For three years, Hungary offers to provide 500,000 dollars annually for the financial sustainment of the Afghan National Security Forces (ANSF), Prime Minister Viktor Orbán reaffirmed at NATO’s 25th Summit in Chicago on Monday, May 21. He also announced that Hungary will join the Baltic Air Policing mission.
Speaking about the financial contribution to Afghanistan, the Hungarian Prime Minister told journalist this is a realistic commitment which amounts to a total of 1.5 million dollars from 2015 to 2017, and takes into account the state of Hungary’s economy. The Hungarian troops have done an excellent job in Afghanistan and earned widespread recognition for Hungary, he stressed, adding that although the Hungarian contingent is not the largest one in Afghanistan, it has and continues to have an important mission in the future too, so our allies are definitely counting on Hungary’s engagement.
Viktor Orbán noted that according to schedule, the ANSF will assume full security responsibility in the country by 2014. “We will pull out our combat forces while leaving our mentoring units there to assist and strengthen the local Afghan forces”, he said, reminding those present of the decision made by NATO according to which Hungary would leave military forces in the Asian country that are able to carry out tasks in the new post-transition period under NATO command. At present 130,000 troops of allied and partner countries are deployed in Afghanistan. The NATO member states reaffirmed their earlier commitment to pull out their combat forces by the end of 2014 and leave a training mission behind, independently of the planned withdrawal of French troops this year. From 2014 on, the mission of the Alliance will be restricted to training and advising.
At the summit of the North Atlantic Treaty Organization, the Hungarian delegation – which included Foreign Minister János Martonyi and Defence Minister Csaba Hende among others – announced that Hungary is going to participate in the Baltic Air Policing mission. Speaking about this topic, the Prime Minister said Hungary can contribute its air defence forces to the Smart Defence initiative, which has the objective of eliminating duplications. Within this framework, Hungary will deploy combat aircraft to the Baltic region and will participate in guarding the airspace of the Baltic States on a regular basis, as they have no air forces of their own. They can count on Hungary in the spirit of Central European solidarity and cooperation – we will develop an especially close cooperation with Lithuania, he added.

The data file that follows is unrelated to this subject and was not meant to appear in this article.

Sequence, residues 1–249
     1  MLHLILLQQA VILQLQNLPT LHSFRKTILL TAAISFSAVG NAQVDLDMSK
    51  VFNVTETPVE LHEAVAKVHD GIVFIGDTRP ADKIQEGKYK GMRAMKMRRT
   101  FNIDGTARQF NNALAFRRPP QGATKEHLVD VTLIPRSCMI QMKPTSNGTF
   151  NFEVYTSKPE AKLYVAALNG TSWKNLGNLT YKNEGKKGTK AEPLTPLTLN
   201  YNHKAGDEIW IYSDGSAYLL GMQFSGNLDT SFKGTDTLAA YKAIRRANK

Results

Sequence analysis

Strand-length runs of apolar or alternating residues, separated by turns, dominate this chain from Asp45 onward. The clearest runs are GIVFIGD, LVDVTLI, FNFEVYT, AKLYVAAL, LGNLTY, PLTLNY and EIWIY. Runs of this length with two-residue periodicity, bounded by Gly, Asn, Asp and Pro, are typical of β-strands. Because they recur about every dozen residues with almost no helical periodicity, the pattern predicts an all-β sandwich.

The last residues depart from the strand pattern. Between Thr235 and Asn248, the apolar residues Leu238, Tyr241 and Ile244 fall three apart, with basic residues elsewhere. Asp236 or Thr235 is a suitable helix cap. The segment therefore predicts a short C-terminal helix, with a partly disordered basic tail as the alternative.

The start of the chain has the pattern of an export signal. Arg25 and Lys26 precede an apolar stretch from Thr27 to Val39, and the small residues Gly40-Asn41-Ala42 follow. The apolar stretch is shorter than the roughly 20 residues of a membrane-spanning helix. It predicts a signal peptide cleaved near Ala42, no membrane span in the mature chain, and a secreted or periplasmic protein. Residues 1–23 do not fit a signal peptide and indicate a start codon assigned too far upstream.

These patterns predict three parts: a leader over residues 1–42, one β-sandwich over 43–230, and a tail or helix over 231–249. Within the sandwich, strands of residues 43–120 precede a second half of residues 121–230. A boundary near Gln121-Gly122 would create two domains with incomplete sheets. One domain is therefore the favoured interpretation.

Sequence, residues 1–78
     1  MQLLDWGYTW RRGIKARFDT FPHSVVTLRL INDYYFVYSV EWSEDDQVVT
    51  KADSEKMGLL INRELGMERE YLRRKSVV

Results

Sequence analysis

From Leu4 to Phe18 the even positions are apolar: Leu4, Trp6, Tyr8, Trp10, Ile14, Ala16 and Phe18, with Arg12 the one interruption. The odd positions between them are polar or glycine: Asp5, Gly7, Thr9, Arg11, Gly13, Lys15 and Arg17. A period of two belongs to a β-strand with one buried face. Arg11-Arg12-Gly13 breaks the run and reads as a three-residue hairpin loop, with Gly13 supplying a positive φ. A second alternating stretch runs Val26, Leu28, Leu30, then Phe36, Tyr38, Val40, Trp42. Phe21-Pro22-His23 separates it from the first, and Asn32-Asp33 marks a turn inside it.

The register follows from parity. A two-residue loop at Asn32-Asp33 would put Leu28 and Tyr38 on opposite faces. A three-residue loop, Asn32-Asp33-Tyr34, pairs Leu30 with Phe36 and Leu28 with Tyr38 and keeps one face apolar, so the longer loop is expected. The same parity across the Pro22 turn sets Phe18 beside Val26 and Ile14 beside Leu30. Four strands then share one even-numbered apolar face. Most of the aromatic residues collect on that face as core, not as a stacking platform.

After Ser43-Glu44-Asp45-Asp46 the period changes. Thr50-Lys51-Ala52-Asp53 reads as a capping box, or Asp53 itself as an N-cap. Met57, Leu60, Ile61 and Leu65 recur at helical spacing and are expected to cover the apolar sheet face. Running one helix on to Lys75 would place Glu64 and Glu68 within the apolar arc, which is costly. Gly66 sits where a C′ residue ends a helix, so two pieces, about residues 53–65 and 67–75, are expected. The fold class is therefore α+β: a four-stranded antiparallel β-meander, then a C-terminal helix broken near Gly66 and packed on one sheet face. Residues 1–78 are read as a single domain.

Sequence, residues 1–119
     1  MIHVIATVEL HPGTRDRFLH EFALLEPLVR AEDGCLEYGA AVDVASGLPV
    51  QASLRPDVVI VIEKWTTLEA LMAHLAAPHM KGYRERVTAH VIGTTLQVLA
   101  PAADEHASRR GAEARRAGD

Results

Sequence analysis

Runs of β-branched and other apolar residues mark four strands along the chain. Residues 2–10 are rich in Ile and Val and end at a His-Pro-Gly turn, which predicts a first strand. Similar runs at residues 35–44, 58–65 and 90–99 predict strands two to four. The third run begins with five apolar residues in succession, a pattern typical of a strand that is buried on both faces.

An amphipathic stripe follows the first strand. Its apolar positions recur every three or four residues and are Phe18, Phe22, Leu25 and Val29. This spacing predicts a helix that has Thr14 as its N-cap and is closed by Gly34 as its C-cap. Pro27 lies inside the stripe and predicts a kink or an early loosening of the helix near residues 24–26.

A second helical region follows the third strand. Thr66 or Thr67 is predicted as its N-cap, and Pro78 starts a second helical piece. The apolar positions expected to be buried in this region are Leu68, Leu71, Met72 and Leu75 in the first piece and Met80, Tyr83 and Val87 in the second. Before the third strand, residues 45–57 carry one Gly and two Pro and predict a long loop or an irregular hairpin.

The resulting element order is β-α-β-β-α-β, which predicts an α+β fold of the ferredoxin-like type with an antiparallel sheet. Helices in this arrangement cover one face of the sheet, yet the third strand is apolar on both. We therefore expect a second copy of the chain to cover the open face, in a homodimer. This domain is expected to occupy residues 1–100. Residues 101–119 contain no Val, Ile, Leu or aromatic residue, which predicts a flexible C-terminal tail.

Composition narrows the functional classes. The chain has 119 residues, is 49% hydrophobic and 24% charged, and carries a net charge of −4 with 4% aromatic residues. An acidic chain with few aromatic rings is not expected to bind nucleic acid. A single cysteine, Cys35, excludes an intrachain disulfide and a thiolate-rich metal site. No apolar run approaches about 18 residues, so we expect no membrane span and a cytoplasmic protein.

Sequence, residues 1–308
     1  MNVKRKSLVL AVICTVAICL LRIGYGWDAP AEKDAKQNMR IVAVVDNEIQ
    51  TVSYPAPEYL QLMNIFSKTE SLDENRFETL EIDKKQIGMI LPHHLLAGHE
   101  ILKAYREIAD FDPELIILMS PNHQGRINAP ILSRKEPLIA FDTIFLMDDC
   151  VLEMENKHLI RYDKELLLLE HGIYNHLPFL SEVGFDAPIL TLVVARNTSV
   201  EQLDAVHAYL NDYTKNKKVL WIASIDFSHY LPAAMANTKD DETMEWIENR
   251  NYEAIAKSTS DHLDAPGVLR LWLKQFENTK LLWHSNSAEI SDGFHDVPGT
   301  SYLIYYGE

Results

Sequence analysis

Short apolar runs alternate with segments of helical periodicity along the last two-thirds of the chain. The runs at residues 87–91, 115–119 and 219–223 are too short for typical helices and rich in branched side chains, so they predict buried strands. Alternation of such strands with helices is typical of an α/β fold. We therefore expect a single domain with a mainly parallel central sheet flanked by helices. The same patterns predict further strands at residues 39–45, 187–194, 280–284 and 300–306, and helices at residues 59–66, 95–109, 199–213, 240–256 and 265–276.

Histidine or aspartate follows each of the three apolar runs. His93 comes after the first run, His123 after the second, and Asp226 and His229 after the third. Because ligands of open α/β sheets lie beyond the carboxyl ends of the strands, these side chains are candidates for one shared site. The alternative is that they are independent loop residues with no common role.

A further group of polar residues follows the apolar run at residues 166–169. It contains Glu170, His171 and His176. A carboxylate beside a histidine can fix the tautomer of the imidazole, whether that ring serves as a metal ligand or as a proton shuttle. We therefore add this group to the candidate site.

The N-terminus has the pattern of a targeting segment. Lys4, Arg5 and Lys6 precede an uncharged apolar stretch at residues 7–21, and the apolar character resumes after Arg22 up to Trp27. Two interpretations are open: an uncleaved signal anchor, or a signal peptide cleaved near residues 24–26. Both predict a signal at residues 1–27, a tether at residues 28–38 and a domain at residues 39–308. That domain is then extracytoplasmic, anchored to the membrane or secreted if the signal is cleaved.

“It was common sense that set the agenda of the summit”, this was how Viktor Orbán assessed the Chicago meeting whose topics of discussion included the building of the NATO Ballistic Missile Defence (BMD) capability. With regard to this, the Prime Minister noted that the United States and NATO had agreed to develop a missile shield so it has become a NATO issue, and now the international public finds the establishment of the missile defence system more acceptable.
Turning to the NATO–Russia relations, he said in his opinion there was a need for developing long-term confidence-building cooperation between the Alliance and Russia as a guarantee of stability. The Prime Minister noted that Russia is, was and will be there – and we have to take it into account as it is a major country with significant power. It is in our interest to make sure that that part of the world does not see the West as an enemy, and it is also in our interest to make sure that the West does not see Russia as an enemy, he added.
We are here in Chicago to demonstrate that NATO is alive and to send the world a clear message about it. This is a defensive alliance, and no matter how the world will change, all its members can feel secure, the Hungarian Prime Minister concluded.